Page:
October 20, 2017
LANSING – Michigan Attorney General Bill Schuette has joined with a bipartisan group of attorneys general from 17 state as well as the District of Columbia and U.S. Virgin Islands to call on more than a dozen health care companies that provide pharmacy benefit management (PBM) services to implement programs to reduce prescription opioid abuse.
In addition, the attorneys general sent a letter to the president and CEO of CVS Health Corporation applauding the company's recent program that automatically enrolled all commercial, health plan, employer and Medicaid clients in an opioid abuse mitigation program.
“Opioid addiction can take root as a result of an injury and a legitimate prescription for an opioid pain reliever designed to make the patient feel better,” said Schuette. “Opioid addiction doesn’t see race, gender, socioeconomic status, it just sees another victim. We can’t fight this ever-growing threat with law enforcement efforts alone, we need partnerships across industries to make a dent in the problem.”
In their letters to the PBMs, which can be found attached to this press release, the attorneys general asked that the companies adopt similar measures as CVS, including limiting to seven days the supply of opioids dispensed for certain acute prescriptions for patients who are new to the therapy, limiting the daily dosage of opioids dispensed based on the strength of the opioid, and requiring the use of immediate-release formulations of opioids before extended-release opioids are dispensed. The CVS program's requirements are similar to the opioid prescribing guidelines recently issued by the Centers for Disease Control and Prevention (CDC).
The multistate PBM letters were sent to:
• Argus Health Systems, Inc.
• Benecard Services LLC
• Envision Pharmaceutical Services LLC
• Envolve Health
• Express Scripts, Inc.
• Humana, Inc.
• Magellan Rx Management
• MedImpact Healthcare Systems, Inc.
• Navitus Health Solutions LLC
• OptumRX , Inc.
• Prime Therapeutics, Inc.
• ProCare Rx
"The opioid epidemic is the most pressing public health crisis our country faces," the attorneys general wrote. "It affects every state and has a devastating impact on communities – tearing apart families and stretching the budgets of local law enforcement and first responders as they do the difficult work on the front lines. For our part, attorneys general are pooling resources and coordinating across party lines to address the crisis."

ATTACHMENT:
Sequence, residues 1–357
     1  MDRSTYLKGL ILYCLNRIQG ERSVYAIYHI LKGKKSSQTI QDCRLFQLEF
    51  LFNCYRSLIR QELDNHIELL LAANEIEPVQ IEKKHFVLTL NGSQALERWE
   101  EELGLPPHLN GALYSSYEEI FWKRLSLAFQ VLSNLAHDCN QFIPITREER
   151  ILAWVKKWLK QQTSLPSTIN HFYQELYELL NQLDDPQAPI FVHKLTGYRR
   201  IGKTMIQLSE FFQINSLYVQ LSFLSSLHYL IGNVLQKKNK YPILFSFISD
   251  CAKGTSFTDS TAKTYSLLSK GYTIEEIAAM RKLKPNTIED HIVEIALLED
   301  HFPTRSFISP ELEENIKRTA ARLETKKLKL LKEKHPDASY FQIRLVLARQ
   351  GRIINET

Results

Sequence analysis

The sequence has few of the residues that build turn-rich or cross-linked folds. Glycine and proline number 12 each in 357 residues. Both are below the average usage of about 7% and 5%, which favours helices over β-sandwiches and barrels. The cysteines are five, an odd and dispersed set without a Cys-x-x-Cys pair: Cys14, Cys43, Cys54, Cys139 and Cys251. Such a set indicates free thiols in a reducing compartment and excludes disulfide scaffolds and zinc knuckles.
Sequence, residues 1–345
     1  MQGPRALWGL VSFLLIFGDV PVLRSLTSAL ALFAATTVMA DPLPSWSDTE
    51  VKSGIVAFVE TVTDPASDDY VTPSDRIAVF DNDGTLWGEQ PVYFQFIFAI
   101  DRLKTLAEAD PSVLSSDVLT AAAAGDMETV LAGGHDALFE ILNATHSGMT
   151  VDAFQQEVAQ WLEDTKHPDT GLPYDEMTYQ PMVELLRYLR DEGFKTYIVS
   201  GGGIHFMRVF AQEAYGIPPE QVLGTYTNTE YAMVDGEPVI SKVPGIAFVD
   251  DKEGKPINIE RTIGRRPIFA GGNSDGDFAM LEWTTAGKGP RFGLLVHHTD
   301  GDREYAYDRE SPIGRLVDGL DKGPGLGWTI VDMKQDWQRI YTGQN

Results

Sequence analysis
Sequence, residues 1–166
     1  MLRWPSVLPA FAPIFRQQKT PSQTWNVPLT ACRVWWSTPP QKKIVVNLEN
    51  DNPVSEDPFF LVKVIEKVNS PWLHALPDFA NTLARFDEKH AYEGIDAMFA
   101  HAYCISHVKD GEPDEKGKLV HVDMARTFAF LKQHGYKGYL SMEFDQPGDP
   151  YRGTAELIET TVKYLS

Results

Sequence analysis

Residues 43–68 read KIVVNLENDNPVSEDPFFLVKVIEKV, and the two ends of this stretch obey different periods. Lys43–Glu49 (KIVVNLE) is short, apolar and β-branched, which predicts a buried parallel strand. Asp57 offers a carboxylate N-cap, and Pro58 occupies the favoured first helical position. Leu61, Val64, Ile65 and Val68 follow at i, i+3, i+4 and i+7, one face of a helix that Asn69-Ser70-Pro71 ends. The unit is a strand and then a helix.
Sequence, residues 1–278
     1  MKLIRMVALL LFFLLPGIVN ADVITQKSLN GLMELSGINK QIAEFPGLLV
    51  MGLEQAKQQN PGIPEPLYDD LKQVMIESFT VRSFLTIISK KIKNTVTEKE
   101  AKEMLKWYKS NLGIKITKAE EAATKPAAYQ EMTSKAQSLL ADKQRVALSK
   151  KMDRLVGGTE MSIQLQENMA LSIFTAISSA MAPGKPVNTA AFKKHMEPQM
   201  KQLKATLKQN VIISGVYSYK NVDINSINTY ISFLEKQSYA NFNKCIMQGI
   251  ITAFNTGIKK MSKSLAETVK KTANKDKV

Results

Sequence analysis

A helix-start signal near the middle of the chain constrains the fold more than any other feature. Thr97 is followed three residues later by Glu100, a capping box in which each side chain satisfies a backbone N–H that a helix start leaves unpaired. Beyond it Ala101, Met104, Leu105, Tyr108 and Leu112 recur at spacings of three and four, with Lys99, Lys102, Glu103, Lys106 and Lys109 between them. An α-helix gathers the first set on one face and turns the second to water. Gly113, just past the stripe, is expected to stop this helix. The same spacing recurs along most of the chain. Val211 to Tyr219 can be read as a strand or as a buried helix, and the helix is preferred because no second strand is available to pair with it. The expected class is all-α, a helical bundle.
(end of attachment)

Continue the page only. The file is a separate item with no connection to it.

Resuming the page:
In addition to Schuette, those joining one or both of today's letters include attorneys general from Alabama, Arizona, Connecticut, Delaware, Georgia, Indiana, Iowa, Louisiana, Maine, Montana, New Hampshire, Rhode Island, South Carolina, Utah, Virginia, West Virginia, the District of Columbia and the U.S. Virgin Islands.
Opioids, both prescription and illicit, are now the main driver of drug overdose deaths nationwide. According to CDC, opioids were involved in 33,091 deaths in 2015, and opioid overdoses have quadrupled since 1999.
According to statistics from the Michigan Department of Health and Human Services, approximately 1,365 people died as a result of an opioid overdose in 2016, compared to 884 in 2015 and 426 in 2012, meaning Michigan’s overdose rate has tripled since 2012.
The attorneys general are actively investigating the following pharmaceutical manufacturers and their related entities:
The attorneys general are also seeking documents and information about distribution practices from the following medical prescription distribution companies, who together manage approximately 90 percent of the nation's opioid distribution:
The investigation is ongoing.
On October 4th, Schuette joined another bi-partisan coalition of Attorneys General asking Congress to change federal law to make treatment for opioid addiction more affordable and accessible. The coalition of Attorneys General sent a letter to the U.S. House of Representatives regarding HR 2938, the “Road to Recovery” Act, asking Congress to allow for Medicaid to pay for large, residential addiction treatment facilities, opening new avenues for addiction treatment while maintaining appropriate restrictions on mental health facilities.
A key part of the Department’s Criminal Division, Schuette’s Opioid Trafficking and Interdiction Unit is comprised of four Assistant Attorneys General, each with extensive backgrounds in drug crime prosecution. The Unit is focusing on cases that cross both state and county lines, involve multiple major actors, and high volumes of heroin and other opioid-based drugs.
The Unit has already taken on nearly 50 cases, with multiple convictions and more than a dozen currently facing charges.
The cases have been and will continue to be charged in cooperation with local law enforcement, Michigan State Police narcotics teams and federal agencies.
The Unit will also take on felony murder cases in which it is alleged that the delivery of opioids has caused death.